Reckless motorists can and will do almost anything to get away with not following the laws of the road. Take seatbelt avoiders, for example. Some will blatantly not bother strapping in at all, others will buckle the belt behind their backs to bypass safety chimes while others will drive with the belt resting nonchalantly over just one shoulder to fool onlookers into thinking they’re securely strapped in.
Some drivers in China have taken seatbelt avoidance to extreme new levels by purchasing and wearing t-shirts with a black stripe running from the shoulder to the hip, simulating a fastened seatbelt, Autoblog reports.
The t-shirts, which cost up to $8, are completely legal. However wearing one while not wearing a properly fitted seatbelt is obviously an offence, which can result in a fine of around $8 and two points on your driver’s license. Rack up a total 12 points and you can kiss your license goodbye.
Police have claimed there is an element of “self deception” in wearing the t-shirts (perhaps insinuating drivers are ultimatley fooling nobody but themselves) and have begun taking action. Cops have reportedly begun cracking down on drivers not wearing seatbelts after a spate or collisions resulted in occupants being thrown from their vehicles.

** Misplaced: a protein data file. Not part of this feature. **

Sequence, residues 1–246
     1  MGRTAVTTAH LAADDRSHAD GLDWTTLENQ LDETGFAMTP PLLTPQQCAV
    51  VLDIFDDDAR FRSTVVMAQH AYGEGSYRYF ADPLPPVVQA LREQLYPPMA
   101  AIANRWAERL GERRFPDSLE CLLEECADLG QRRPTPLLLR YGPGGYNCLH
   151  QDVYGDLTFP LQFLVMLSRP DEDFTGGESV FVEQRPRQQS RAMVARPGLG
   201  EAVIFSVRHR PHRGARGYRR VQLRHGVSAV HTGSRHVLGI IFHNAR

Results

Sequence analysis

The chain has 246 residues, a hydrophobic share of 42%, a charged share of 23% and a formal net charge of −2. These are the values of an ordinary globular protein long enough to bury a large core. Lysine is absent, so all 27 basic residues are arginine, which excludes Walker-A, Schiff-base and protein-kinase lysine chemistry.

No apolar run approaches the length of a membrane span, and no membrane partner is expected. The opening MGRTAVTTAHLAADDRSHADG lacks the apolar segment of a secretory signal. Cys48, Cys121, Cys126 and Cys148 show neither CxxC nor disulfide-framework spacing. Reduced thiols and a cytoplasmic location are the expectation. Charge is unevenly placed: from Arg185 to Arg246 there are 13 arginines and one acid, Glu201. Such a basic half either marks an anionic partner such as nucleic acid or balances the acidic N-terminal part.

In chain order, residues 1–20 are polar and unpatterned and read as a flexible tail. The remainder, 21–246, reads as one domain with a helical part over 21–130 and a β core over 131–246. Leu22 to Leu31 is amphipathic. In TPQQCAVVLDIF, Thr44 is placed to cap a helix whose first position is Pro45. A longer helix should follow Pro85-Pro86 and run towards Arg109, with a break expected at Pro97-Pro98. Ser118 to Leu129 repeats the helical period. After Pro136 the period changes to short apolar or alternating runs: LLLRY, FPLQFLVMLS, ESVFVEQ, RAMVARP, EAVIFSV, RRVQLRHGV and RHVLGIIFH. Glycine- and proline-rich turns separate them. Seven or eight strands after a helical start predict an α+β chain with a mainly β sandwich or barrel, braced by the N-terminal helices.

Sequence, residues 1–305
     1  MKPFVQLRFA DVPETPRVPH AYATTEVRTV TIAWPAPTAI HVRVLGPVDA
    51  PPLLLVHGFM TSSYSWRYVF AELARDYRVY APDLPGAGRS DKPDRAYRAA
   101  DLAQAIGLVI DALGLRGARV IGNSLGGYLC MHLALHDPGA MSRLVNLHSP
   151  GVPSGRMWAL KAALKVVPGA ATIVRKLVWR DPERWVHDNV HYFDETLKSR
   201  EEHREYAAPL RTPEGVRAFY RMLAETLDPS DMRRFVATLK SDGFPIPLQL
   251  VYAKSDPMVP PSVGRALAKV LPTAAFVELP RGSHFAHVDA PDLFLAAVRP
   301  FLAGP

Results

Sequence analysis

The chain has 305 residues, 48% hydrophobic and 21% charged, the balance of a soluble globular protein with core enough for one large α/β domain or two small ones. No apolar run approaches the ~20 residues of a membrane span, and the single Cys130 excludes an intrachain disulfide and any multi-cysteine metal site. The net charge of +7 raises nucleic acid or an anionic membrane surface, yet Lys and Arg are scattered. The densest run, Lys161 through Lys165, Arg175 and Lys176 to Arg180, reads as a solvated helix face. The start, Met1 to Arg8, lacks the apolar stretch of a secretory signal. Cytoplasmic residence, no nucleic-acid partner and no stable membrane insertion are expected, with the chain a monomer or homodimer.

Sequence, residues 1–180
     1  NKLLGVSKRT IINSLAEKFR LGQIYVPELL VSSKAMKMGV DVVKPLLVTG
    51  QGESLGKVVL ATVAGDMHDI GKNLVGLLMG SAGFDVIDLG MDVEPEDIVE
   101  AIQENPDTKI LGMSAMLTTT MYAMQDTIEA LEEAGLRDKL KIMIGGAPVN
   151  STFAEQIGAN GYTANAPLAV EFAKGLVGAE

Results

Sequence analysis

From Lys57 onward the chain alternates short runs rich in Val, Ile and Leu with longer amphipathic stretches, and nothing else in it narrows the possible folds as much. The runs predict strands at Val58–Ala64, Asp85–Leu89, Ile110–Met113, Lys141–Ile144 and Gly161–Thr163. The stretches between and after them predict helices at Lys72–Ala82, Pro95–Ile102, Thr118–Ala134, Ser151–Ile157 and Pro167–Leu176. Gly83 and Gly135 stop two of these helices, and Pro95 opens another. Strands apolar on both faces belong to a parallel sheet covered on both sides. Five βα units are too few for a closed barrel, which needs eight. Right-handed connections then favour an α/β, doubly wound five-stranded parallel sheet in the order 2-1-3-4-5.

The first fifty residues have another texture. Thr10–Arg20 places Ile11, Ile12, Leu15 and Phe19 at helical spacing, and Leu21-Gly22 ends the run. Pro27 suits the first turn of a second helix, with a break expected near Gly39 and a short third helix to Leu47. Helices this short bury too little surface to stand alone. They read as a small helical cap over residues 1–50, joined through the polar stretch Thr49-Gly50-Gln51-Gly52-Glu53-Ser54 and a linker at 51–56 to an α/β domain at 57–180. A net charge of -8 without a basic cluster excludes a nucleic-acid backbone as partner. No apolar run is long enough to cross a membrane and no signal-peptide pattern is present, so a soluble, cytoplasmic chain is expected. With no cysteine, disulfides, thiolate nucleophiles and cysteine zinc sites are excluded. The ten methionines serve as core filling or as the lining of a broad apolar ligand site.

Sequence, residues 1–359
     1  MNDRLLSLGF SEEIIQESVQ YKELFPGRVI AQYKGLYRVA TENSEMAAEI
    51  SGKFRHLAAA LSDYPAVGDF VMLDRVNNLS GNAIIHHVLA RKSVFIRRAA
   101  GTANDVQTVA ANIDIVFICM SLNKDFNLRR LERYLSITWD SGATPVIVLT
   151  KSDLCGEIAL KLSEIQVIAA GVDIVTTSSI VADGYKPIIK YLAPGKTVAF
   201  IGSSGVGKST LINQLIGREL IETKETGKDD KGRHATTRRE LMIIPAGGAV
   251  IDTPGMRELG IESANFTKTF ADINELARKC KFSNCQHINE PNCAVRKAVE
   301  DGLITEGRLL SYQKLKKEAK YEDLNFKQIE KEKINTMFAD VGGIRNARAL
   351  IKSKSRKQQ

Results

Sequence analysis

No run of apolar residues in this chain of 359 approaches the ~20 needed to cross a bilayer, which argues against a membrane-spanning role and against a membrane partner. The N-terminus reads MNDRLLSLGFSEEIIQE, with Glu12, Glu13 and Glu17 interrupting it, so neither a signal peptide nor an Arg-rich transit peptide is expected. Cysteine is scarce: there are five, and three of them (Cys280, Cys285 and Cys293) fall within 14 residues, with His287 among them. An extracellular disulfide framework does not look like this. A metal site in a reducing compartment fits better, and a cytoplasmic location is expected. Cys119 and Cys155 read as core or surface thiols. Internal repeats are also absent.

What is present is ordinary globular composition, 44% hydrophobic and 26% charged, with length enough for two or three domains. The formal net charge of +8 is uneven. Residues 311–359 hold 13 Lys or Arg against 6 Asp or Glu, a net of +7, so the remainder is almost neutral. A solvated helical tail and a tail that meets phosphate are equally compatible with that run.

While we salute the ingenuity of the t-shirts, we can’t for one moment believe buying and wearing a specially purchased garment is any less hassle than simply wearing a seatbelt. Are we missing something? Are Chinese seatbelts particularly restrictive? Is there some sort of social kudos to be gained from not buckling up? Are the people that wear them trying to be ironic? Or does this stem from a serious lack of driver education in a market with a fast-growing motor industry?
Your thoughts, as ever, as welcome.